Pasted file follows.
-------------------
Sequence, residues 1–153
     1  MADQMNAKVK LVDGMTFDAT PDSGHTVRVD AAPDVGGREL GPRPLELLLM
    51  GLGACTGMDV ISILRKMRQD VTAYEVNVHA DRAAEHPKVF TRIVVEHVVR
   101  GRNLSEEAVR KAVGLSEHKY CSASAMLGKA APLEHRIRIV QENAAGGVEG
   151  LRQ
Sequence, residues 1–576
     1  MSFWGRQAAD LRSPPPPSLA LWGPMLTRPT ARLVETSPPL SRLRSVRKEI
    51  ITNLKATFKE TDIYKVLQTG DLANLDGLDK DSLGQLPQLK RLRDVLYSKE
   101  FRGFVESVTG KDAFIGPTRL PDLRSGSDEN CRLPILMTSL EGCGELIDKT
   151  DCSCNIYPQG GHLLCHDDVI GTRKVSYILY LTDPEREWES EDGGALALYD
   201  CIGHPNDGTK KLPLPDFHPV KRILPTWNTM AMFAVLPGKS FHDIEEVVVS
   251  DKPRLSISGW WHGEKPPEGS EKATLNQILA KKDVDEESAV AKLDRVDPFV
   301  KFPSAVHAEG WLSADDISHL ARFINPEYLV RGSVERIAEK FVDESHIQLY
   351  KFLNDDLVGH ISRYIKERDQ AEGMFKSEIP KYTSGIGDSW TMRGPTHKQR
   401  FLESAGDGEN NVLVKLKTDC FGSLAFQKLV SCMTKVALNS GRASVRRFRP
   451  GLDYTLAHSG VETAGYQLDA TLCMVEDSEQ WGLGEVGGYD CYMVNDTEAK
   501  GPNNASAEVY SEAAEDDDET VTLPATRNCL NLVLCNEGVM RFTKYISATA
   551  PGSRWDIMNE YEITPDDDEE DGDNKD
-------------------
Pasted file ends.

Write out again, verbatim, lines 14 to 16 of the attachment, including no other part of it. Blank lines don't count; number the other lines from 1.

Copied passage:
   351  KFLNDDLVGH ISRYIKERDQ AEGMFKSEIP KYTSGIGDSW TMRGPTHKQR
   401  FLESAGDGEN NVLVKLKTDC FGSLAFQKLV SCMTKVALNS GRASVRRFRP
   451  GLDYTLAHSG VETAGYQLDA TLCMVEDSEQ WGLGEVGGYD CYMVNDTEAK